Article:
The laminated beam and laminated column specimens were prepared in the order shown below. To glue the square timber and lamina, we first performed the adhesion within the same layer (i.e., edge gluing) using aqueous polymer isocyanate (Shikajirusi PI Bond TP-111, Oshika Co. Ltd.). Afterward, the adhesion between the layers (i.e., laminated adhesion) was performed using phenol-resorcinol-formal-dehyde (Deernol D-40, Oshika Co. Ltd.).
For the bending test, this research was performed by the test method shown in Figure 3 in conformance with ASTM D198 (ASTM International 2009). This test was conducted using a bending tester (Dongah Testing Machine Co., Seoul, Korea; capacity, 50 ton force [tonf]) for full-scale materials to implement a trisection point, third-point bending test. Span t was set to 3,600 mm, and the load point was set to 1,200 mm (i.e., = (13). The loading speed was set to 10 mm/min. Two linear variable differential transformers LVDTs (DEX-01-V, Mutoh Engineering Inc., Tokyo, Japan) were attached to the central area and both side surfaces of the specimen to measure the central deflection 5.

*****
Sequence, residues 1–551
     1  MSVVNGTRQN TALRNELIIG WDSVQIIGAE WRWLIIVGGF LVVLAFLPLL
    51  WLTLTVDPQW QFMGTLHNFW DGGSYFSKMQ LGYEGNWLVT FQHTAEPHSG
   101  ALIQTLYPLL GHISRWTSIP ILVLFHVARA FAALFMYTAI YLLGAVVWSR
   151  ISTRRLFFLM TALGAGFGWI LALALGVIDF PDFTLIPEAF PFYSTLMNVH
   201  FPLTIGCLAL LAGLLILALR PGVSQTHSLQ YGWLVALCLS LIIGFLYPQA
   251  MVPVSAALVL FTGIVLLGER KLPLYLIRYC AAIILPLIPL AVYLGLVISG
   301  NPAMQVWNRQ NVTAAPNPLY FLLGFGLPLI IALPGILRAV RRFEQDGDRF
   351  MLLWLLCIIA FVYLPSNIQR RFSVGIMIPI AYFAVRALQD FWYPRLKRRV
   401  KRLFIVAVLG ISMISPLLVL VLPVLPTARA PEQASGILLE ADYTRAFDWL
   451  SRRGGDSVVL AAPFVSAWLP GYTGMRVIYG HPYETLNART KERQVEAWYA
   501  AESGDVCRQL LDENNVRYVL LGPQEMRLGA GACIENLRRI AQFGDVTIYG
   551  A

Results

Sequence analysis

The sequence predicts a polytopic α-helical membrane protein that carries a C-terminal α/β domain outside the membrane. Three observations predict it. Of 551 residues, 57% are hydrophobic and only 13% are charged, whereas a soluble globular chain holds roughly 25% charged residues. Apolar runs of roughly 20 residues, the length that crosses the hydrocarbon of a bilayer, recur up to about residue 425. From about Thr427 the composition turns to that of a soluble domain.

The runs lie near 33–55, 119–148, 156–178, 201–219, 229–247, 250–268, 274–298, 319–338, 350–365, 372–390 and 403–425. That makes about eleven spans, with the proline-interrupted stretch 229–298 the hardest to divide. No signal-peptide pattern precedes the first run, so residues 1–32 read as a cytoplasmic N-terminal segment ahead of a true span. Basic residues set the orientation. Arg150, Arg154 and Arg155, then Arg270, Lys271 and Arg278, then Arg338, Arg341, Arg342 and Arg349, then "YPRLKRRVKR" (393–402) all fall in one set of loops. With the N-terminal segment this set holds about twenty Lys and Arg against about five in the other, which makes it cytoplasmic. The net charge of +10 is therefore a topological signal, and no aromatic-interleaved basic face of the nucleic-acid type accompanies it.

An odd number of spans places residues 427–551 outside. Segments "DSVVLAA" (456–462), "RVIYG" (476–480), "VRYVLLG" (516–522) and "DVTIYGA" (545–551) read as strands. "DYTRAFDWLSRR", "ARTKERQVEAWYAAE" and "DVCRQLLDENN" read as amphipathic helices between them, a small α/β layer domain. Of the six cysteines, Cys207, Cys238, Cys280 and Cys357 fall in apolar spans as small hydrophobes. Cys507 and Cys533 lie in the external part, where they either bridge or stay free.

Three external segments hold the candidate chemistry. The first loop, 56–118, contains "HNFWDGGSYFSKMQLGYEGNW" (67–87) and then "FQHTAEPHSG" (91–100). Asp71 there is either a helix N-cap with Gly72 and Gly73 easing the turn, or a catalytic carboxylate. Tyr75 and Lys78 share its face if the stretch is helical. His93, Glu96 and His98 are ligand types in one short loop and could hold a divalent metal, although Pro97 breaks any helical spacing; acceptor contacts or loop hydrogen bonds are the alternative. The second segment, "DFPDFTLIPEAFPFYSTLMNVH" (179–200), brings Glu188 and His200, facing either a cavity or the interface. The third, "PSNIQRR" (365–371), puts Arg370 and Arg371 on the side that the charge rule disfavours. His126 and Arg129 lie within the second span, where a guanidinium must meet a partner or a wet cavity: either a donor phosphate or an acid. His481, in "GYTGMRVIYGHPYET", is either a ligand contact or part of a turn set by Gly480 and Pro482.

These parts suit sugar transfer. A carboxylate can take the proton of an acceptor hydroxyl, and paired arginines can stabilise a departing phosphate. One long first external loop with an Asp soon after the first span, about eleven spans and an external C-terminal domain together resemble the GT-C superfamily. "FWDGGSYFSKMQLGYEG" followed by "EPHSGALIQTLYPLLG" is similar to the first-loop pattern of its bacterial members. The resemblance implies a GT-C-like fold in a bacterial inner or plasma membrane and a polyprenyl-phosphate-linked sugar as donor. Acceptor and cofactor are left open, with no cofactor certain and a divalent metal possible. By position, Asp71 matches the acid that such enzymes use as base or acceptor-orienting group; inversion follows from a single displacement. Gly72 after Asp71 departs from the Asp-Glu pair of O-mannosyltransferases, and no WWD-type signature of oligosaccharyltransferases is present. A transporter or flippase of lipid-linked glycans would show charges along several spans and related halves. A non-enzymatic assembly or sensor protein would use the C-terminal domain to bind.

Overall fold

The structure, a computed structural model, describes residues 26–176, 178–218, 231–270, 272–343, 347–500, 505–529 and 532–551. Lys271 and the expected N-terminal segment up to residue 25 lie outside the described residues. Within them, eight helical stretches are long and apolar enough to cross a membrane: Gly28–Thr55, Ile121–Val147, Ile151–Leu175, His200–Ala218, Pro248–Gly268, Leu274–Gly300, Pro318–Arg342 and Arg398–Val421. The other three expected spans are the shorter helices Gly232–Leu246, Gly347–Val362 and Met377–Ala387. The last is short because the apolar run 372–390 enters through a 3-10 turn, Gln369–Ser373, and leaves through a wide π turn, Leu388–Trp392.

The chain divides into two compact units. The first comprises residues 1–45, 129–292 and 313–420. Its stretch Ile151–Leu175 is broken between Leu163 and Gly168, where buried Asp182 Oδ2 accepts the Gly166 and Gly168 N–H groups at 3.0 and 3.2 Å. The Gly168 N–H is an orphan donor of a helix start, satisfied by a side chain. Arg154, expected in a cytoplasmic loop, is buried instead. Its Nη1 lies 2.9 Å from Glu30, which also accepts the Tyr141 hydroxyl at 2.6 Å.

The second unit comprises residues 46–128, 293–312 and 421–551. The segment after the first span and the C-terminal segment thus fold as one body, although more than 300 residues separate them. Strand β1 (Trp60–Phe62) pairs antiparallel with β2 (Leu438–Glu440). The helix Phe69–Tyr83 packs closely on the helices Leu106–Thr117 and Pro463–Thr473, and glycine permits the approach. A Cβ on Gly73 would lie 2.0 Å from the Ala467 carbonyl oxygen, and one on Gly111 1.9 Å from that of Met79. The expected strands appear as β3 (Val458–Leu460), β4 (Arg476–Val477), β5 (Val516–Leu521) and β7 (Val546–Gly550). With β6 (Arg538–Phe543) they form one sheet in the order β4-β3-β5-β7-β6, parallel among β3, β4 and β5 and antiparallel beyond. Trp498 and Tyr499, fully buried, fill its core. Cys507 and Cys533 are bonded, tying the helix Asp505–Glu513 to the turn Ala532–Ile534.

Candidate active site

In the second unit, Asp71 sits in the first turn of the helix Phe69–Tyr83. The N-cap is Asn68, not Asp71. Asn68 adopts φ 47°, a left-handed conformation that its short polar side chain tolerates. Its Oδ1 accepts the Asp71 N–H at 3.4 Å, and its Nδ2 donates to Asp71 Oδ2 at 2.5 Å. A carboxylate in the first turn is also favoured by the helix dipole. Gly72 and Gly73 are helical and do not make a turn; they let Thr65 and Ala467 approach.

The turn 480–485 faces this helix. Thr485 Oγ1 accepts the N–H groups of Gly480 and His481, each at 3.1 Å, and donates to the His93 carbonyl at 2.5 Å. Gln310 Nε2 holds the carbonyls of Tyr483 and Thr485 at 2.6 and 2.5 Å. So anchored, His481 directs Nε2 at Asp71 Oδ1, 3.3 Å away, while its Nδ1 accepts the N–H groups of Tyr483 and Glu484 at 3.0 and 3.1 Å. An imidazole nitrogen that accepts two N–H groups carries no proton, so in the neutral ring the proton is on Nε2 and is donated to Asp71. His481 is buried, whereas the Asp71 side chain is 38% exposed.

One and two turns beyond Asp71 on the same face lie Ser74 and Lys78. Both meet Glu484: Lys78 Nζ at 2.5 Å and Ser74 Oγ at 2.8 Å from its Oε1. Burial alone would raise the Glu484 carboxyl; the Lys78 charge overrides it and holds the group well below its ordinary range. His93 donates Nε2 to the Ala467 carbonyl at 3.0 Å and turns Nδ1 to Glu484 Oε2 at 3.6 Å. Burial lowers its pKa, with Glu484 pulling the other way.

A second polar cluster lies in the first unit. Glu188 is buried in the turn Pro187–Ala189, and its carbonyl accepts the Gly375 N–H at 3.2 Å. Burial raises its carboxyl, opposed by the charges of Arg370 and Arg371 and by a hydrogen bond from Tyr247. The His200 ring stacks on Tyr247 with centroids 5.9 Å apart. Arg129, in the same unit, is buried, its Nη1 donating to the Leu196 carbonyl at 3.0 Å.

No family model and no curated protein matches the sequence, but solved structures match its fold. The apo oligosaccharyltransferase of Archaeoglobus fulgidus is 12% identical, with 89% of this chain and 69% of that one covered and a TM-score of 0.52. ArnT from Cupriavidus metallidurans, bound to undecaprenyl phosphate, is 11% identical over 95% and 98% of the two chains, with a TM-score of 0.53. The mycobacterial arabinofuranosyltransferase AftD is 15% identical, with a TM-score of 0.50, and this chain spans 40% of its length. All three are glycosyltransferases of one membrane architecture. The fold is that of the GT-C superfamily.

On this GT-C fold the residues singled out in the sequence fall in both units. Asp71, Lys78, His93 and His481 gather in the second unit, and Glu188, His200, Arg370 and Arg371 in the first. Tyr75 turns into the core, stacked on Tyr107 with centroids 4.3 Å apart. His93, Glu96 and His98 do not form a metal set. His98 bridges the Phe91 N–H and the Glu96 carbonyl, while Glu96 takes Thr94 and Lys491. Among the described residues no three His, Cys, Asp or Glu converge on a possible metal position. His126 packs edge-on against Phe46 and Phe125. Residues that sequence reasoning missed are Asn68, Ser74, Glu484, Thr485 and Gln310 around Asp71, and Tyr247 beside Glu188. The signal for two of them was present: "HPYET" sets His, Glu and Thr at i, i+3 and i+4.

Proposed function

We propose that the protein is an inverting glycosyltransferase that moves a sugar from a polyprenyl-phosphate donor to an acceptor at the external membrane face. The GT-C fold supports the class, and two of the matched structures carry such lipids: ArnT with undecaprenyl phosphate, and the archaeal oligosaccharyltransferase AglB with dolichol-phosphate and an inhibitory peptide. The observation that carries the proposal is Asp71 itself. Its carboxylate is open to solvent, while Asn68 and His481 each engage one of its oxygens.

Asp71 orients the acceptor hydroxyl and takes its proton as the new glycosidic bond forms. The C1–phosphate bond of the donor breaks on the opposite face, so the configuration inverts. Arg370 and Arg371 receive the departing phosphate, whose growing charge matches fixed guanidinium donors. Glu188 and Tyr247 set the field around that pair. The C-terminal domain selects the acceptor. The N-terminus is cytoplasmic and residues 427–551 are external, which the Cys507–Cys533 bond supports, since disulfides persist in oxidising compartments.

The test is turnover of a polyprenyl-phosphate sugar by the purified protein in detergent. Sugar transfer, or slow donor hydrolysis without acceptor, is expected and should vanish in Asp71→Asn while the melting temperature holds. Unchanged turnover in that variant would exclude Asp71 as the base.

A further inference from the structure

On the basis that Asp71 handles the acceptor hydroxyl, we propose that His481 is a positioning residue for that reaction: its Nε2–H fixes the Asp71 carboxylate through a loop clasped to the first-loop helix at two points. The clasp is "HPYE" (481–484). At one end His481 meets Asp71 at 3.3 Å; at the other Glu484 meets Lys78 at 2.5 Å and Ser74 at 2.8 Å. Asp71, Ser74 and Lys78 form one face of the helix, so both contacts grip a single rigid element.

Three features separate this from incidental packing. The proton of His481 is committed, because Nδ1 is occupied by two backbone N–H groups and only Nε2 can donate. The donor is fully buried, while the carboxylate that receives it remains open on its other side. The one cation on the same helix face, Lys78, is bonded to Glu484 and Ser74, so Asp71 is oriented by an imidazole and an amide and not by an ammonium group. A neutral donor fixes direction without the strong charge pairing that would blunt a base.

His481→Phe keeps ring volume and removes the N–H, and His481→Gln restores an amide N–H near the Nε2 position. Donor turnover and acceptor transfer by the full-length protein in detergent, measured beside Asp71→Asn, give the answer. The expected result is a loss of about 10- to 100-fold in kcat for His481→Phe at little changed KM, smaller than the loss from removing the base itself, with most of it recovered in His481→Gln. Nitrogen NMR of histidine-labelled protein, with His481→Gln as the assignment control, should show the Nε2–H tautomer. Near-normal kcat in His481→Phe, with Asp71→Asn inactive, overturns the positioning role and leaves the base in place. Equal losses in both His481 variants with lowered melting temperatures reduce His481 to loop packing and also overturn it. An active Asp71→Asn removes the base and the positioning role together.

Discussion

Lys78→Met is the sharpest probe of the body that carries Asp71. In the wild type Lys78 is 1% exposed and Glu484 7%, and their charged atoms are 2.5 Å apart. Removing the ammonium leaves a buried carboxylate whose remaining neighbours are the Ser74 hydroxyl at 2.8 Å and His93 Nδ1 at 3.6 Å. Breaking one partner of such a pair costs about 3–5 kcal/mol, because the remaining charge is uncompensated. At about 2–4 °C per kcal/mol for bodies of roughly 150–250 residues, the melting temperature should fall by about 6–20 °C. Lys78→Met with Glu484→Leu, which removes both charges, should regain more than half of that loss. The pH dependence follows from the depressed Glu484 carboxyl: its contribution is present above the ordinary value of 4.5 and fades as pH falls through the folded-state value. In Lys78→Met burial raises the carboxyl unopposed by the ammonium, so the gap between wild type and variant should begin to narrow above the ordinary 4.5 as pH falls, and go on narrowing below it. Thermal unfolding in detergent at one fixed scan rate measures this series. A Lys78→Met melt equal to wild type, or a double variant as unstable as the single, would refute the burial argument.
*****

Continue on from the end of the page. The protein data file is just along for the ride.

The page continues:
This bending test was used to find the bending rigidity (El), bending Young's modulus (MOE), and bending strength (modulus of rupture [MOR]) based on the following equations:
[MATHEMATICAL EXPRESSION NOT REPRODUCIBLE IN ASCII] (3)
where b is the beam width, d is the beam depth, [DELTA]P/[DELTA][delta] is defined as a relationship between the slope of the elastic region for the load P--deflection [delta], and [P.sub.bmax] is the maximum bending load.
Axial compression test
The axial compression test was performed in conformance with ASTM D198 (ASTM International 2009) based on the setup shown in Figure 4. This test was conducted using a compression tester (Samduk Engineering Co., Seongnam, Korea; capacity, 200 tonf). The loading speed was set to 10 mm/min. The axial compression load P was applied with the top part of the specimen fixed in place. The long axial direction length I of the specimen was 2,600 mm. Two sliding resistance type displacement transducers (TCLA-100B, Showa Measuring Instruments Co. Ltd., Tokyo, Japan) were mounted on both sides of the specimen and measured the specimen axial compression displacement 8. It should be noted that when testing column specimens, determining the buckling characteristics was important.